20 Alpha’s antithesis : OMEGA
22 Beat in the kitchen : WHISK
23 “Wait … let me start over” : I’M GETTING / MYSELF (I’m getting ahead of myself)
26 Najimy who voiced Peggy Hill in “King of the Hill” : KATHY
27 Bad look : LEER
28 Heckle, but not Jeckle : HARASS
29 The “P” in PIN: Abbr. : PERS
31 Unilever swab : Q-TIP
32 Old manuscript copier : SCRIBE
34 Scalpel sites, for short : ORS
35 Polynesian wrap : SARONG
37 Rage : IRE
38 To the point : TERSE
40 Spa sounds : AHS
41 Early pictures : SILENTS
43 Some online reads : E-ZINES
45 Diamond surfaces : FACETS
48 Georgia gridders, to fans : DAWGS
49 “Ginger __”: 1952 Newbery Medal-winning book : PYE
50 “Spring forward” letters : DST
51 School reunion attendee : ALUM
52 Car radio button : PRESET
54 Oxygen-eating bacteria : AEROBES
56 Asian festival : TET
57 Gets dirty : SOILS
58 Busy center : HUB
61 Uncle Sam’s land, proudly : US OF A
62 Bunny tail : SCUT
63 Coral component : POLYP
64 Big shot: Abbr. : ENL
65 Cellar, but not collar, opening : SOFT C
66 Belief common to much religion : DEATH / LIFE (life after death)
68 “Explain, please?” : HOW SO?
70 Western PA airport code : ERI
71 Disappearing retail giant : KMART
73 Hosp. readouts : EEGS
74 Lodge opening? : ECONO …
75 Patel of “Slumdog Millionaire” : DEV
76 Gets one’s feet wet : WADES
77 Milne hopper : ROO
78 Caught : IN A TRAP
80 First novel in Christopher Paolini’s Inheritance Cycle : ERAGON
82 Sign of a hit : DENT
83 Wks. and wks. : MOS
84 Platters in sleeves : LPS
85 Beautify : ADORN
86 Puts down : ABASES
88 Honors : AWARDS
90 Svelte : SLENDER
92 911 pro : EMT
93 Culture: Pref. : ETHNO-
94 Friend of Goat in “Pearls Before Swine” : PIG
95 Some skippers : STONES
97 Flock hangout : LEA
99 List-shortening term : ET ALIA
103 Sticks on a boat : OARS
105 Boat owner’s rental : SLIP
106 Flat owner, maybe : LESSOR
108 Sound : SANE
109 Fitness mantra opening : USE IT …
111 Method for slow, steady progress : ONE FOOT / THE OTHER (one foot in front of the other)
114 Like a fleabag motel : SEEDY
115 Asian wraps : SARIS
116 Dusk, to Donne : E’EN
117 __ dish : PETRI
118 Half of scissors? : ESSES
119 Hacking targets: Abbr. : SSNS
120 Sellout letters : SRO
121 Hackneyed : TRITE

Down

1 Beach toys : PAILS
2 Early Mesoamerican sculptors : OLMEC
3 It may be golden : LAGER
4 Some retired academics : EMERITI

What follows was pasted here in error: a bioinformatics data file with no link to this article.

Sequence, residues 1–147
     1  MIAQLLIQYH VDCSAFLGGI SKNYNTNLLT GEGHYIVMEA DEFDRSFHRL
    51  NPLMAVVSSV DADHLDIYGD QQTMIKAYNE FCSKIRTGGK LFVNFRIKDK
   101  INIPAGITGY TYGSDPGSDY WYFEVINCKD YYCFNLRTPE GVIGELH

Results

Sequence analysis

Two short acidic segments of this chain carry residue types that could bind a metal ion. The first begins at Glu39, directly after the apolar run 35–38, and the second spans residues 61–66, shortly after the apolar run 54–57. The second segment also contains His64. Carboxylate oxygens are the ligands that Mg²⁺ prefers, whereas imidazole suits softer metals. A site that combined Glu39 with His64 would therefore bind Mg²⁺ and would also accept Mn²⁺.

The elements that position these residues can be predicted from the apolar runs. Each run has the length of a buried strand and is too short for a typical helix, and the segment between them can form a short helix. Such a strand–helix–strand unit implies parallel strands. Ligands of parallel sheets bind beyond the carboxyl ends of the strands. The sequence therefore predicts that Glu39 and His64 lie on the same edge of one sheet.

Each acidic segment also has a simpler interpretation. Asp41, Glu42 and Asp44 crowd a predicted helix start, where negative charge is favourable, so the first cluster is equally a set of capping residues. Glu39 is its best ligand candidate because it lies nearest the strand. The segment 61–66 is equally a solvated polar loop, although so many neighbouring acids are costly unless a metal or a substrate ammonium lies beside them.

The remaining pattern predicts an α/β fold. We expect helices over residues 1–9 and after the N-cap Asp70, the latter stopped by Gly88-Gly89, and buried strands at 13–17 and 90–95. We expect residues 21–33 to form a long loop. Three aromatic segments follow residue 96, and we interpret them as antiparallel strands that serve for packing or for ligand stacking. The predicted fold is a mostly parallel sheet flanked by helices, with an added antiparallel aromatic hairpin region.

5 Point : DOT
6 Karmann __: classic VW : GHIA
7 President before an Adams : MONROE
8 Eponymous newborn score creator : APGAR
9 Sauces for sushi : SOYS
10 Yoga syllables : OMS
11 Overlook : SEE PAST
12 Lustful looker : OGLER
13 Comics cry from a birdcage : AWK!
14 Member of three L.A. Lakers championship teams : SHAQ
15 Feeling ecstatic : SITTING / THE WORLD (sitting on top of the world)
16 Stadium merch : T-SHIRTS
17 Uses a Zoom alternative : SKYPES
21 “Hair” dos : AFROS
24 First name of Dickens’ Madame Defarge : THERESE
25 Ed.’s stack : MSS
30 Dudley’s toon foe : SNIDELY
33 Make every effort : BEND / BACKWARDS (bend over backwards)
35 Brother of Ham : SHEM
36 Fancy poultry dish : GLASS / PHEASANT (pheasant under glass)
39 Retired fliers: Abbr. : SSTS
40 Superior to all others : A CUT / THE REST (a cut above the rest)
42 Sheepish girl? : EWE
43 Gentrification target : EYESORE
44 Negative forecast : ZERO / FIVE DEGREES (five degrees below zero)
45 Campaign funders : FAT CATS
46 Alaskan native : ALEUT
47 “SNL” staples : SPOOFS
49 Took a breather : PAUSED
53 Heat up : RILE
55 O’er and o’er again : OFT
57 Features of urns : SPIGOTS
59 Loosens, as a tot’s pajamas : UNSNAPS
60 Soft hits just over the infield : BLOOPS
62 Big name in tennis : SERENA
66 Carpenter’s groove : DADO
67 Sierra __ : LEONE
69 LGBT History Mo. : OCT
72 Drawers? : MAGNETS
78 “__ a loss” : I’M AT
79 Remote area known for its middle? : NOWHERE
81 Hermione’s guy : RON
82 Stream blockers : DAMS
85 Assumed names : ALIASES
87 Paging devices : BEEPERS
89 Family dinner fowl : ROASTER
90 Half of some couples : SPOUSE
91 Hershey’s caramel candies : ROLOS
93 A time to dye : EASTER
96 Granada girls : NINAS
97 It’s a sign : LEO
98 __ Park, Colorado : ESTES
100 Christine of “A Beautiful Day in the Neighborhood” : LAHTI
101 Like radon, say : INERT
102 Home on high : AERIE
104 Kick starter? : SIDE-
106 L, in box scores : LOSS
107 “What a mess!” : OH NO!
110 TV’s Burrell and baseball’s Cobb : TYS
112 Ocean flipper : FIN
113 Back (out) : OPT

21 thoughts on “LA Times Crossword 30 Aug 20, Sunday”